All Saints 2023 Revelation 7:9-17, Psalm 34:1-10,22, 1 John 3:1-3, Matthew 5: 1-12
In the name of God, Creator, Redeemer and Sanctifier. Amen.
Blessed and becoming Fully Human. The saints through the ages have read their Bible with devotion and lived by it as best they could in their time as we do also. With God’s grace we find our way through the various distortions and misconceptions that confront all of us and the variety of saintly lives is testimony to the incarnational nature of God’s grace. What is essential about sainthood is being fully human, unique and eternal and learning to be creature and not creator. It is to realise that God is the only one who can enable us to become fully human in this world. Our purpose is to be and to live as God’s creature. Today’s reading in Matthew’s gospel indicates a variety of ways in which one grows as a human being, becoming blessed.
If you were raised in a Christian home, it is likely that you are familiar with the Beatitudes. They are one of the texts that children were taught to memorise along with the Lord’s Prayer, Psalm 23 and the Ten Commandments. These teachings of Jesus are called Beatitudes because they all begin with “Blessed are… “and are the most straightforward and unified teachings of Jesus. So let us consider them carefully.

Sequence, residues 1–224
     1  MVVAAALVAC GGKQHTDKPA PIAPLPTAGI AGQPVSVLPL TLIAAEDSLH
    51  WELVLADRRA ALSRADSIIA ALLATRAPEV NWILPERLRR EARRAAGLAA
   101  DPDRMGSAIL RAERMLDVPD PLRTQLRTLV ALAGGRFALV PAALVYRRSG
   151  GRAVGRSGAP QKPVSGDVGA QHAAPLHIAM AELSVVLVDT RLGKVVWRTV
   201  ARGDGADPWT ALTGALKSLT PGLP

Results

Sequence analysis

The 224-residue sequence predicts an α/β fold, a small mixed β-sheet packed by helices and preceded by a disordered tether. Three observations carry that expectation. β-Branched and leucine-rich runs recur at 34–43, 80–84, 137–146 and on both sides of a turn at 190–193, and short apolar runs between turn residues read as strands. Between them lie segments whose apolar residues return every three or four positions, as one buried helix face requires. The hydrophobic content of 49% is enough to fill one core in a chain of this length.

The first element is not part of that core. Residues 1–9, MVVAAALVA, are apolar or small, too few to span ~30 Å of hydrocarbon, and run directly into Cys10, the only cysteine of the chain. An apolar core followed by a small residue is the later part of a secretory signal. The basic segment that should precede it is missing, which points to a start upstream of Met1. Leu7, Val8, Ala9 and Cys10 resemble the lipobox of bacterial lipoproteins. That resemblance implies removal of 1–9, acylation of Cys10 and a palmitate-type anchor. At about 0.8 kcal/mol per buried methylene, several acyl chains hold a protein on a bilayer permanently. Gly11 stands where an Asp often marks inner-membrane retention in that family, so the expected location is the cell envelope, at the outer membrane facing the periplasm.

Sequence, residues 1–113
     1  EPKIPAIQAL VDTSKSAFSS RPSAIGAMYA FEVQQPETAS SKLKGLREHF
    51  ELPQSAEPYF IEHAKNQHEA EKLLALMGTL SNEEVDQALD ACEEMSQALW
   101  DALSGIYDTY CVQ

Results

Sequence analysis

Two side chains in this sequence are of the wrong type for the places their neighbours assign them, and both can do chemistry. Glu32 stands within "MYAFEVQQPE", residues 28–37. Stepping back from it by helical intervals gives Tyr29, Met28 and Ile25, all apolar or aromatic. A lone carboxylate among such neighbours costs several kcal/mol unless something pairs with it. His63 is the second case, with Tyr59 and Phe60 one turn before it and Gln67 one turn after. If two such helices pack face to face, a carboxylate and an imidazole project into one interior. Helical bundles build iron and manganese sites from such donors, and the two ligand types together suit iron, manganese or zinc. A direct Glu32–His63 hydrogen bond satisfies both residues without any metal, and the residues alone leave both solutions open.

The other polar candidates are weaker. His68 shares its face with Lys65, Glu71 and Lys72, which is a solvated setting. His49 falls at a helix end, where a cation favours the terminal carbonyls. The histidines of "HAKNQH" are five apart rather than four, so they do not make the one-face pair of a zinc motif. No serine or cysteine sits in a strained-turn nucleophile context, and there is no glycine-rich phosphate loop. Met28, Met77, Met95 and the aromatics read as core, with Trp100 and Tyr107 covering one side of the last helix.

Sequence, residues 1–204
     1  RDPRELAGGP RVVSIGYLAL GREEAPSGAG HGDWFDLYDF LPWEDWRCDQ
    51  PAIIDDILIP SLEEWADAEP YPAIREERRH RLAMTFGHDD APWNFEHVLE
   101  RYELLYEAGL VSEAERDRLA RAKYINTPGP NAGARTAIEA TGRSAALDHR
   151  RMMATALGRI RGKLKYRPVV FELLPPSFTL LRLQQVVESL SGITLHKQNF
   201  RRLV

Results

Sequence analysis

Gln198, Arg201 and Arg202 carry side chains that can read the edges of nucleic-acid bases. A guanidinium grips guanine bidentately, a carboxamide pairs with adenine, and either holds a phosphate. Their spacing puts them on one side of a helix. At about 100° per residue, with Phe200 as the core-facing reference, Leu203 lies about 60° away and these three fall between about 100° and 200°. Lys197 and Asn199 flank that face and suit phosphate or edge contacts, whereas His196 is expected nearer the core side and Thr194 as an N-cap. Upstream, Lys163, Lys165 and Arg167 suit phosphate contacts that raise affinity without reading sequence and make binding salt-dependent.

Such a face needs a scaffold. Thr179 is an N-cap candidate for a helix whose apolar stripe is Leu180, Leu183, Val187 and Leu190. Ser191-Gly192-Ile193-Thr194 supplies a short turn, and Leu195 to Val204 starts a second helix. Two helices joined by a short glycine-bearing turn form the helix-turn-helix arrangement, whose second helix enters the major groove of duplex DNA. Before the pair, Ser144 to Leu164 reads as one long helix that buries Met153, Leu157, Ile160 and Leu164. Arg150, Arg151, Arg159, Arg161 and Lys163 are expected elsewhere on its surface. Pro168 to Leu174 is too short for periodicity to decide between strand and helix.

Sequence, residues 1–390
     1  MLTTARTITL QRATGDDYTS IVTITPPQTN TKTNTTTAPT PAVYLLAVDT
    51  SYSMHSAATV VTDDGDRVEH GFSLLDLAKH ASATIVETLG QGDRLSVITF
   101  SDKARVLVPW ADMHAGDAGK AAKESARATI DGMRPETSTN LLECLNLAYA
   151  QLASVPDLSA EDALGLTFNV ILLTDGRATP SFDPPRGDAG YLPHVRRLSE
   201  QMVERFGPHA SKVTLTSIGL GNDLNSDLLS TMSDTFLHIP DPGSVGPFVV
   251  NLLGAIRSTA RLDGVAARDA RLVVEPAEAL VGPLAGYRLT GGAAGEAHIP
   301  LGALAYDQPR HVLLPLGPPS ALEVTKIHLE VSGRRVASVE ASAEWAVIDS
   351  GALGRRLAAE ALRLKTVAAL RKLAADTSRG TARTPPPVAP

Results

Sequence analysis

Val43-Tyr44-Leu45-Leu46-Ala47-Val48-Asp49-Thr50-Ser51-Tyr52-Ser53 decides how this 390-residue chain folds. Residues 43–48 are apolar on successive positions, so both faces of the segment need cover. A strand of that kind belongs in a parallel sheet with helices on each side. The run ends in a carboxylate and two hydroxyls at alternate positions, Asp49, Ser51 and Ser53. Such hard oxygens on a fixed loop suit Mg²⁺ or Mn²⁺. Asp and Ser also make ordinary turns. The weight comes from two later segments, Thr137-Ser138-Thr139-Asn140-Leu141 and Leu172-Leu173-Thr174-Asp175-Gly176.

Blessed are the poor in spirit, for theirs is the kingdom of heaven. Poor in spirit here indicates an inner attitude of being receptive and open, not full of oneself and one can be blessed because only in this state is it possible to receive anything. Thomas Merton, the contemporary Christian mystic once wrote. “At the centre of our being is a point of nothingness which is untouched by sin and by illusion, a point of pure truth, a point or spark which belongs entirely to God…” It is through this point of nothingness that we can receive the teaching of wisdom and if we are full of ourselves, we can go no further.
Blessed are those who mourn for they will be comforted. To mourn is to truly be vulnerable, with our heart reaching out towards what we have lost and cannot stop loving. Real love is painful, and all of us experience at some time or other the pain of loving. We can trust that joy is at the heart of pain, even when the pain is overwhelming, especially when there is nothing we can do for those we love. This is not complaining or self-pitying loss. Mourning is painful emptiness through which we discover the mystery of comfort, the substance of divine compassion and it is usually through heartbreaking tears.
Blessed are the meek, for they will inherit the earth. Meek in modern language indicates a nature that is a quiet and easily imposed on, submissive and unwilling to disagree or fight to support personal ideas. But here it is not what is meant. To be meek, one is more likely to be humble and show patience and gentleness realising that one is God’s creature and as such is more likely to inherit the earth rather than destroying it.